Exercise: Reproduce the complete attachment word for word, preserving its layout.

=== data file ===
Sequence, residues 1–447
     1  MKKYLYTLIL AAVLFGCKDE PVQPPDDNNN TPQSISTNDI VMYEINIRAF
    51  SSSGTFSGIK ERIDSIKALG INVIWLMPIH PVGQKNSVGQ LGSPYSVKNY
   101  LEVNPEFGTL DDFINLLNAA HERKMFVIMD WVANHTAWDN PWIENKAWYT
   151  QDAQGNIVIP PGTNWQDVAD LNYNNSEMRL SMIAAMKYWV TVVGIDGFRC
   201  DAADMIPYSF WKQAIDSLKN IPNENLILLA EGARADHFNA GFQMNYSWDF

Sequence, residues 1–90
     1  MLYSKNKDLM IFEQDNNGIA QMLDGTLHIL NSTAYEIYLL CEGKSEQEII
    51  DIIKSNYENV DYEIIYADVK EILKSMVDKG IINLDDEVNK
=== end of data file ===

Sequence, residues 1–447
     1  MKKYLYTLIL AAVLFGCKDE PVQPPDDNNN TPQSISTNDI VMYEINIRAF
    51  SSSGTFSGIK ERIDSIKALG INVIWLMPIH PVGQKNSVGQ LGSPYSVKNY
   101  LEVNPEFGTL DDFINLLNAA HERKMFVIMD WVANHTAWDN PWIENKAWYT
   151  QDAQGNIVIP PGTNWQDVAD LNYNNSEMRL SMIAAMKYWV TVVGIDGFRC
   201  DAADMIPYSF WKQAIDSLKN IPNENLILLA EGARADHFNA GFQMNYSWDF

Sequence, residues 1–90
     1  MLYSKNKDLM IFEQDNNGIA QMLDGTLHIL NSTAYEIYLL CEGKSEQEII
    51  DIIKSNYENV DYEIIYADVK EILKSMVDKG IINLDDEVNK